Writing in the Telegraph last year, Stephen Fry reflected: “Many of us like to believe that we understand the point of history. We all pay lip service to the idea that yesterday makes today, but it is hard to make the imaginative leap that truly connects us to the past. It is as if we are forced to move forwards in such a narrow passageway of time that the act of stopping to look behind us is difficult.”
Fry surmised that the UK’s blue plaques – erected to mark the physical locations occupied by people from history who have left a notable mark on our culture – were a living corrective to this. But are they really? What if these inert short-form stories were re-animated by augmenting the physical markers with a layer of digital information that made looking back in time from the present day a far easier, richer and more immediate experience? Wouldn’t that be a greater step forward in terms of bringing history to life?
Even as Fry was writing this in June 2009, a project was already underway do just that – to open up that heritage and make it accessible, expanding the narrow passageway of time that Fry lamented.
Credit to kickstarting this goes to Frankie Roberto who came away from a conference on mobile learning for the museums and archives sector in January 2009 with a bee in his bonnet:
“You see them everywhere – especially when sat on the top deck of a double-decker bus in London – and yet the plaques themselves never seem that revealing. You’ve often never heard of the person named, or perhaps only vaguely, and the only clue you’re given is something like “scientist and electrical engineer” (Sir Ambrose Fleming) or “landscape gardener” (Charles Bridgeman).
I always want to know more. Who are these people, what’s the story about them, and why are they considered important enough for their home to be commemorated? I’d like to be able to find out all this, and to do so at the point at which I stumble across a plaque – which to me suggests something on a mobile platform.”
In the 15 months since, this desire for deeper and more accessible context to these static emblems has crystallized in the Open Plaques initiative. An open source community project; it is also community-driven by necessity, due mainly to the data surrounding the UK plaques being fragmented between hundreds of bodies, and not only inconsistent but sometimes totally absent.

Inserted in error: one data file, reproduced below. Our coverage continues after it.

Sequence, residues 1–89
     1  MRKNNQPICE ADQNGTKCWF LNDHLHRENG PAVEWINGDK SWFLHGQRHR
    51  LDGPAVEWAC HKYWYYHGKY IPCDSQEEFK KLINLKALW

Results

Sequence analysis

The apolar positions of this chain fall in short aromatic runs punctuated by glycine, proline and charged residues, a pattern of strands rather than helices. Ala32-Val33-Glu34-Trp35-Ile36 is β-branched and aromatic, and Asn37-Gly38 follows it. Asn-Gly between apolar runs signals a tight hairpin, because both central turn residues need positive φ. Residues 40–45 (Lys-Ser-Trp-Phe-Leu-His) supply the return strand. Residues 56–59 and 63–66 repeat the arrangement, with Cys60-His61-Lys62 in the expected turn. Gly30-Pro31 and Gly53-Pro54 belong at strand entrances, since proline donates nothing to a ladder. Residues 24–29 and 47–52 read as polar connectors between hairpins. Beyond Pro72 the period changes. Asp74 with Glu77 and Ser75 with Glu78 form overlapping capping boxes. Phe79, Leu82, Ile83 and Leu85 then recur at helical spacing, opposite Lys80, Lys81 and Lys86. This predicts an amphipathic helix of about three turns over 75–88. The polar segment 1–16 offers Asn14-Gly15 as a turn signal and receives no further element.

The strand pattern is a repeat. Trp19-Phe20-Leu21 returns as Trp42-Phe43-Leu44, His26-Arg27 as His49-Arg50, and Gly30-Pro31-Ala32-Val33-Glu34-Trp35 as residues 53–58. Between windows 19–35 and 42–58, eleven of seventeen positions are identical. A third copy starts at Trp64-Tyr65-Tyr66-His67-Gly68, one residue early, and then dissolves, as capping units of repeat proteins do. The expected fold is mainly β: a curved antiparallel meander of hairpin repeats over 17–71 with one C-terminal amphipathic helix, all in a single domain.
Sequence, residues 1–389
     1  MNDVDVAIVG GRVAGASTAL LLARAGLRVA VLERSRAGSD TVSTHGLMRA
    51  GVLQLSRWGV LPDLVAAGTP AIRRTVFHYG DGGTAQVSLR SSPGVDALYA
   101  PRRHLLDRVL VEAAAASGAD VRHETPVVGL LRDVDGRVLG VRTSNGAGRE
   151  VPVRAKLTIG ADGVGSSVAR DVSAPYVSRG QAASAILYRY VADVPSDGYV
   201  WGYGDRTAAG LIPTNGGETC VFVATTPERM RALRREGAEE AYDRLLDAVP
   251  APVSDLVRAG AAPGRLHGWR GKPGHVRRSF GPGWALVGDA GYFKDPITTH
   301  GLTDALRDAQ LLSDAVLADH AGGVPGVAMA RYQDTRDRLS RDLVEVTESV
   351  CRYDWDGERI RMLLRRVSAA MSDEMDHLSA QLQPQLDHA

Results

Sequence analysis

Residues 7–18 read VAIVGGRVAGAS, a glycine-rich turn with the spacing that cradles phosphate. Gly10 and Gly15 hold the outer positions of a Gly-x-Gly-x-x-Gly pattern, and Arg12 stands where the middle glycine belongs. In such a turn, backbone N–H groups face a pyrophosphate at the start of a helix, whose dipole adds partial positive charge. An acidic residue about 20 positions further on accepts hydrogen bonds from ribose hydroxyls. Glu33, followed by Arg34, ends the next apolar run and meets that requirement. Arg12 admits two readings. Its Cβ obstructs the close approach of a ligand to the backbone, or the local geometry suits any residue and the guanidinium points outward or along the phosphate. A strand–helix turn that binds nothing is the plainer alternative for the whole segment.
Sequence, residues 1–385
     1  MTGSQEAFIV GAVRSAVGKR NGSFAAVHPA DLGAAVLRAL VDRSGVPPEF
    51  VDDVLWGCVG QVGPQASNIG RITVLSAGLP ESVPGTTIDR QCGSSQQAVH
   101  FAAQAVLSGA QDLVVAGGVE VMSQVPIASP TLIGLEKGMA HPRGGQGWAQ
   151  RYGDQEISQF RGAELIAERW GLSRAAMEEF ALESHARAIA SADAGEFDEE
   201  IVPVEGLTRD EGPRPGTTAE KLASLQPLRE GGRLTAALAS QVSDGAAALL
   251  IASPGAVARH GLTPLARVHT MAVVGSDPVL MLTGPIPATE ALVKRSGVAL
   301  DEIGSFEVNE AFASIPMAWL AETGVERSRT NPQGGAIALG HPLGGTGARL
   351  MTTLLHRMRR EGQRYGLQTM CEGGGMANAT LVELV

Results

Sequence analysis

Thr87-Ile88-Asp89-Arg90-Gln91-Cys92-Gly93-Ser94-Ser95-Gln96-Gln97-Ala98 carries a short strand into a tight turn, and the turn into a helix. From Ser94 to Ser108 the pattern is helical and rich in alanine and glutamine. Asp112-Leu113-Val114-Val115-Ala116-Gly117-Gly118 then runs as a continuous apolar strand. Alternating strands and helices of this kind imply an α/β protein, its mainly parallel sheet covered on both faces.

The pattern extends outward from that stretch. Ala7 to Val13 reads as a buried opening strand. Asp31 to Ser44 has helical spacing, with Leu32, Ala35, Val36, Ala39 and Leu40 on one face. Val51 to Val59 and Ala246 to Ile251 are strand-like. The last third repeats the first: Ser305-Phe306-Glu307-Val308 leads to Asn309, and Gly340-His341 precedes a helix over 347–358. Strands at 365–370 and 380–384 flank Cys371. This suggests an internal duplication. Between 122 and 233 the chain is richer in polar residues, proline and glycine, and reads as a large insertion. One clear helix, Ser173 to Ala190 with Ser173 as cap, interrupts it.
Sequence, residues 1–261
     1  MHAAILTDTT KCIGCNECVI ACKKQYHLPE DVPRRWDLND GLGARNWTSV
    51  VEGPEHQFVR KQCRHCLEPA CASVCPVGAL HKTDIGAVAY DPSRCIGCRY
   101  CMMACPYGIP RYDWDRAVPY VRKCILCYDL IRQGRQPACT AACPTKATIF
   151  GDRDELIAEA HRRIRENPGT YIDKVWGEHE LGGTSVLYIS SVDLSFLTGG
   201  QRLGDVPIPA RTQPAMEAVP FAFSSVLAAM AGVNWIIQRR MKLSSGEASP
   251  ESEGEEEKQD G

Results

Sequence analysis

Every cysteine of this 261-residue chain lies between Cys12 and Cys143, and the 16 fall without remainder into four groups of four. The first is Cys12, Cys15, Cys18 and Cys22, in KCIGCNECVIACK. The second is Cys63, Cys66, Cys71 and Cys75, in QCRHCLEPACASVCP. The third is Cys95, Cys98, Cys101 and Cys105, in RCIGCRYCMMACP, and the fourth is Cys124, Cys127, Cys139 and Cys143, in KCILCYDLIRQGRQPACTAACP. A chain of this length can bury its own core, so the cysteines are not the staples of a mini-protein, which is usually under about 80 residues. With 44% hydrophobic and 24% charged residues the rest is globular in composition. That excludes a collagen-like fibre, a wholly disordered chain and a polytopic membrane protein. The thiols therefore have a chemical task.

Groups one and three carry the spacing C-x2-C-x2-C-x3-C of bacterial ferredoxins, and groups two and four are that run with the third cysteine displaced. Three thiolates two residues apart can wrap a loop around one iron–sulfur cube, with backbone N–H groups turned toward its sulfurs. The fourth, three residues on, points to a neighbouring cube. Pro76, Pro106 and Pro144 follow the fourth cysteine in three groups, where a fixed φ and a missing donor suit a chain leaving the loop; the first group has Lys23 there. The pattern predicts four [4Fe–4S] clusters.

It gathered momentum when Frankie’s early efforts caught the attention of Jez Nicholson, Simon Harriyott and Marvin Baretto who’d already (coincidentally) teamed-up to do a blue plaques project for the Open Hack London event in May 2009. So it happened that they prototyped a website that could pull this information together.
The Open Plaques service which emerged from this ad-hoc grouping (which I joined later last year) synthesises a number of tactics and workarounds to overcome the challenges it faces. As the plaques by their very existence are in public domain, Frankie has made a series of Freedom of Information requests for data and records of the plaques to several of the bodies that hold them, so they can aggregate them together and offer the data in standardised form for free re-use by others.
In turn, the already existent Blue Plaques group on Flickr proved useful and amenable, and the idea of using images from Flickr on the Open Plaques service gained an important leg-up when Flickr agreed to grant a “machine tag” option to photographs of plaques uploaded under a Creative Commons licence.
It’s remarkably simple and works like this: each plaque location listed on the Open Plaques database (which you can search on their site by name, place or organisation) has a number. When the number is added as a machine code in the tags of the corresponding photograph on Flickr by the user – and if the user gives the photo a Creative Commons licence – the image is pulled from Flickr onto the Open Plaques website. The service also allows geo co-ordinates to be imported.
The site itself is still in Alpha phase of development but is already substantially populated – with 38.44% of 2297 known plaques in the database now having a corresponding machine-tagged photograph.
The whole project is still in the earliest of stages. Making it fully functional and accessible on mobile devices still lies ahead. Any number of possibilities for what could be done going forward suggest themselves. But in the very act of pulling it together, it already bears the DNA stamp of what it could some day become. The plaques themselves encapsulate people-powered history: a history of action, ideas and invention. Open Plaques has the potential to transform them into a living resource – and make each one a porthole that helps us connect with, understand and traverse moments in place and time, just like Stephen Fry said.
Re-shaping historical interest points nationwide as dynamic experiences is a mammoth task but Open Plaques – which is unfunded and 100% volunteer based – is already gearing up for a productive 2010. In February, Simon and Frankie attended the first ever English Heritage conference on commemorative plaques (yes, they’re not all blue) to find out more about the organisation’s thinking and plans, and talk to people about the initiative. Simon also talked about the project at last week’s £5 App Meet in Brighton.
In the meantime, we need more people to help fill up the image database – yes that’s you Flickr users! – plus help with the technical development. Spreading the word also matters and you can stay in the loop by following Open Plaques on Twitter.
Any input is welcome. You can even source and suggest plaques that aren’t on the website’s (incomplete) list. So if you’d like to get involved in connecting past and present, and do some local or further-afield exploring in the process, visit the site’s Contribute page for more instructions, see Jez’s blog and the Open Plaques group for simple Flickr tips or get in touch directly, and lend a hand in joining the blue dots.